Just as each building needs a blueprint for its development, land-use planning requires a well-developed master plan for sustainable development. Cities designed for walkability see the best results for healthy, happy residents.


For more effectiveness, project managers need to enlarge their perspective and coordinate with city planners to solve big picture problems. Seeing the big picture of integrated downtown living for will help developers create more accessibility.

Creating more successful cities requires intelligently developed forethought. Effective project managers use enlarged perspective and continued coordination. With increased planning and communication, big picture solutions can more easily be implemented.

The Best Eco-Friendly Materials To Create Sustainable Buildings

eco-friendly materials, build green

Every year the global population increases, and innovative building designs need to grow along with it. With exciting innovations like 3D virtual reality and self-driving technologies surfacing in the construction industry, developers can focus on a new priority: sustainability.

With eco-friendly materials, places can be built to last through generations. Not only can builders aid in the earth’s healthfulness by using sustainable resources, but also they can improve quality of our built environments. As the economy booms, building owners, architects, engineers and contractors can use reusable materials to build sustainable cities and preserve the natural environment. 


  1. Steel

From residential to light commercial uses, steel comes at the top for innovative and sustainable designs. In addition to being having high flexibility, strength and durability, there are several other qualities that make steel ideal for construction projects.

Throughout North America, steel ranks at the top with over 58 million tons recycled. It’s followed by paper, aluminum, glass and plastic. According to the Steel Recycling Institute, steel has the ability to be continuously reused without losing durability or strength. Using recycled steel saves 80% of CO2 emissions, and steel costs three to four times less to produce than aluminum.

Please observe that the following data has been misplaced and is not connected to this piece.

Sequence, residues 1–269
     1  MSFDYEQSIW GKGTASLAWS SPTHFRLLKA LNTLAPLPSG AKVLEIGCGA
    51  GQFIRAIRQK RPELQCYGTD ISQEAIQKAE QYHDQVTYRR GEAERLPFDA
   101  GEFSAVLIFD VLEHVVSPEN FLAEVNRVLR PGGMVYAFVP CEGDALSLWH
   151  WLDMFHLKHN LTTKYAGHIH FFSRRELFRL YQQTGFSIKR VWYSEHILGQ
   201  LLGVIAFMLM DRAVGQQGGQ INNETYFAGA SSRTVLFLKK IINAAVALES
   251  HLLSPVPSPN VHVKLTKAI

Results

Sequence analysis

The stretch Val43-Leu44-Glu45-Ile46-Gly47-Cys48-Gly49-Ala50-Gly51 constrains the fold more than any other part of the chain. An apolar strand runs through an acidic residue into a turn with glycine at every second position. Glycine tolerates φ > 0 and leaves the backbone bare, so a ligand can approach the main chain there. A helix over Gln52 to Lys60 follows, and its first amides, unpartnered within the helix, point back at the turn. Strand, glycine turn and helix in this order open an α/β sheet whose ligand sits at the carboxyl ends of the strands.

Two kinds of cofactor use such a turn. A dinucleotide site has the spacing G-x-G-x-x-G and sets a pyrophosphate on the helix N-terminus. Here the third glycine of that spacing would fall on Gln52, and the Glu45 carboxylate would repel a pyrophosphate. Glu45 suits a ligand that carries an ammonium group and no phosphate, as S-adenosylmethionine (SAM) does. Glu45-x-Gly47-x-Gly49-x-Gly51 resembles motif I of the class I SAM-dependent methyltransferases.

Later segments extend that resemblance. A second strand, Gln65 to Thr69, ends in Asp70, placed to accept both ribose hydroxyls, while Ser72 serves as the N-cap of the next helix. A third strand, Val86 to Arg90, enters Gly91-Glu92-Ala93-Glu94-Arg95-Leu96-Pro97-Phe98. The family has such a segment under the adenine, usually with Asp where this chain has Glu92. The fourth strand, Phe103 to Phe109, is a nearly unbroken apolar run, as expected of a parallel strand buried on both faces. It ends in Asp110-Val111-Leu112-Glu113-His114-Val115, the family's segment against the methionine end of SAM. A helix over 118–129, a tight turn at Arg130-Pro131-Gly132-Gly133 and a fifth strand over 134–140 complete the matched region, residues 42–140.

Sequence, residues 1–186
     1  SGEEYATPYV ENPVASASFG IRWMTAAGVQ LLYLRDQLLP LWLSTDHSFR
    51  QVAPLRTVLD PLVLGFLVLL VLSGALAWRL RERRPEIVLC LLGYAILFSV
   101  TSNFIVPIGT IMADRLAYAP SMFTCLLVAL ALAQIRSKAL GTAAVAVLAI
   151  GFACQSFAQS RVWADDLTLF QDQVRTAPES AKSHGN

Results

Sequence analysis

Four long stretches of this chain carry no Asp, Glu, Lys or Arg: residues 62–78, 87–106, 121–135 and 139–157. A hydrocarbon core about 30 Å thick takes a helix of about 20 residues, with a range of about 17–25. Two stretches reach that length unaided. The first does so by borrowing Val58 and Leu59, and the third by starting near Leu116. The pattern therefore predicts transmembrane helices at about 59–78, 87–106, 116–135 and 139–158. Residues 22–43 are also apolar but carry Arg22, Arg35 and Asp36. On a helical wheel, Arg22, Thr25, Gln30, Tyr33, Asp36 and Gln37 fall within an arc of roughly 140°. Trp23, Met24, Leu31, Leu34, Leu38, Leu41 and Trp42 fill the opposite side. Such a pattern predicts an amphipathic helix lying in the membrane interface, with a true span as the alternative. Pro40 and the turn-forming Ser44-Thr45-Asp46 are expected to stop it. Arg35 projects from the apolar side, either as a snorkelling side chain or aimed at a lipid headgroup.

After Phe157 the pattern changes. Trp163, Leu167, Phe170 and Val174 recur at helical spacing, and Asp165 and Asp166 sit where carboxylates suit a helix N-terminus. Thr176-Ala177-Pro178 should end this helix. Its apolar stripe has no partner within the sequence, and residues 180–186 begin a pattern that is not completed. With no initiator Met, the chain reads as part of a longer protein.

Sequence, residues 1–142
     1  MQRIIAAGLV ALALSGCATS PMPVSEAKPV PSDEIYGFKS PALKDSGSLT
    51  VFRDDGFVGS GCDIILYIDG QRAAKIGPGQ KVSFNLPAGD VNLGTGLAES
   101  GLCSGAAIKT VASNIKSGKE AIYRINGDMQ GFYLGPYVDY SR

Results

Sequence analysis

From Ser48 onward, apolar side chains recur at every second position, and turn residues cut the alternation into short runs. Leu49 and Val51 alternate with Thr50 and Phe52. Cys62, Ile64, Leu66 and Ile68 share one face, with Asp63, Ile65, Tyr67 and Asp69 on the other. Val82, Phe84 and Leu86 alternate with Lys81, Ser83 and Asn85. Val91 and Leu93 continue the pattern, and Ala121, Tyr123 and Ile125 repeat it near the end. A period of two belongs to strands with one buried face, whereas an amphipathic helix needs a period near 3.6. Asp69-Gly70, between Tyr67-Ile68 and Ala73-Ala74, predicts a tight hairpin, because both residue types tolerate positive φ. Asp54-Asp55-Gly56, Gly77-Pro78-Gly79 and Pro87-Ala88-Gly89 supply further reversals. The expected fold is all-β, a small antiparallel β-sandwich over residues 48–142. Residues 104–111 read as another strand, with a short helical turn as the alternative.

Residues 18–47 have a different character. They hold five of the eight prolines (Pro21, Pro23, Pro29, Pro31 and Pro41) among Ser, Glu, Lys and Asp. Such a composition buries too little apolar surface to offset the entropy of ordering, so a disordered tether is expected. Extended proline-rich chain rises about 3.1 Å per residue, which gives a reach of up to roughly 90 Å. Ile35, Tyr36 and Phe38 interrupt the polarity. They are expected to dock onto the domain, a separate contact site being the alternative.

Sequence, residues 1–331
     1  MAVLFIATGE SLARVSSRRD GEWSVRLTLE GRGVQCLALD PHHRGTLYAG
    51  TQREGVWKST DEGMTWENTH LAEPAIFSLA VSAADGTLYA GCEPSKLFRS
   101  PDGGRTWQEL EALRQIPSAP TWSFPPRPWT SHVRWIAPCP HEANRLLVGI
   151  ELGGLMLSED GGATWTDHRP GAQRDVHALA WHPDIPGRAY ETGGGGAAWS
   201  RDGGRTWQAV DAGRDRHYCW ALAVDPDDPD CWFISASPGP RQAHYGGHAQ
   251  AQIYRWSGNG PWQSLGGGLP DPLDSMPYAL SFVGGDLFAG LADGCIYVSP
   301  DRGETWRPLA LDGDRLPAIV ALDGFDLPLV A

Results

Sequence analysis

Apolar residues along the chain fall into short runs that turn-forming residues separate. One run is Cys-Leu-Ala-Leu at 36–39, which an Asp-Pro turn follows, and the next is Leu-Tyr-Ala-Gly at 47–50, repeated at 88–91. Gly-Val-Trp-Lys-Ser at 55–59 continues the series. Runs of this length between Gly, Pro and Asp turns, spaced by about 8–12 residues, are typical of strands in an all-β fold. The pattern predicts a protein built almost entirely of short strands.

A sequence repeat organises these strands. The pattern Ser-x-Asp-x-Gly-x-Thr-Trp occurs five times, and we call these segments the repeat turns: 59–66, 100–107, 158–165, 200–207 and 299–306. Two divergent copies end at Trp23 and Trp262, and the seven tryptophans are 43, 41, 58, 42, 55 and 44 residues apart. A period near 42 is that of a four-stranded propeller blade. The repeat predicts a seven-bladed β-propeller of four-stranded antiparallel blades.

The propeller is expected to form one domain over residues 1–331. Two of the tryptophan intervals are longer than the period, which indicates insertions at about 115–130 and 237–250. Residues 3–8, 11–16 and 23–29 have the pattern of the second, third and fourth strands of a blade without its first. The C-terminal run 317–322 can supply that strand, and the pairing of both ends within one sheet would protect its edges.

1. Wood

Going back to nature, wood is one of the most basic and innovative building materials. Architects are beginning to understand the potential of using wood in designing skyscrapers. The CF Moller Scandinavian firm built a 34-story tower in Stockholm, which currently stands as the world’s tallest wooden skyscraper.

Building with wood is cheap, easy and sustainable. There are no waste products, and it binds CO2, which helps to reduce the over-production in many construction projects. Additionally, wood increases safety because 15% of its mass is water, which combats fires better than steel or concrete.

  1. Sustainable Concrete

Almost every building uses concrete in some way. Concrete produces 7 to 10 percent of CO2 emissions, which isn’t helping the current state of air pollution. However, by mixing in recycled materials, builders can utilize a more sustainable type of concrete to help reduce the negative environmental impact of the valuable resource. By mixing in crushed glass, wood chips or slag, the percentage of CO2 emissions are greatly lowered.

  1. Mushrooms / Mycelium

Most commonly known as mushroom roots, this healthy material has more recently been utilized by top companies as a naturally recycled material. Because of the lack of active consumer recycling, companies like Idea and Dell are utilizing the mushroom resource in packaging. If left out in the back yard, mycelium will easily degrade in less than a month.

Not only is it cheaper, but also mycelium is easy to produce in many different shapes. Once the organic resource is reshaped, it can be dehydrated to stop the natural growth. The variety of uses and eco-friendly nature of mycelium make it a perfect sustainable material to use in several construction roles.

  1. Paper

Superior to the common chemical foam alternate, the paper base makes an ideal sustainable substitute in building insulation. Made with recycled newspapers and cardboard, this material is insect resistant. Like wood, it’s also safer. When natural materials like borax, boric acid and calcium carbonate are added, it becomes fire-retardant. Not only does it help to preserve the natural environment, but also paper-based insulation will fill every crack for a nearly draft-free space.


Consumers should demand more developer use of sustainable materials, and builders should strive to produce the healthiest buildings possible. Whether you’re designing a new home or laying out blueprints to construct a fresh business, choosing better materials will promote longevity. Enhance the durability of your building and show the kindness to the environment by utilizing nature’s best resources.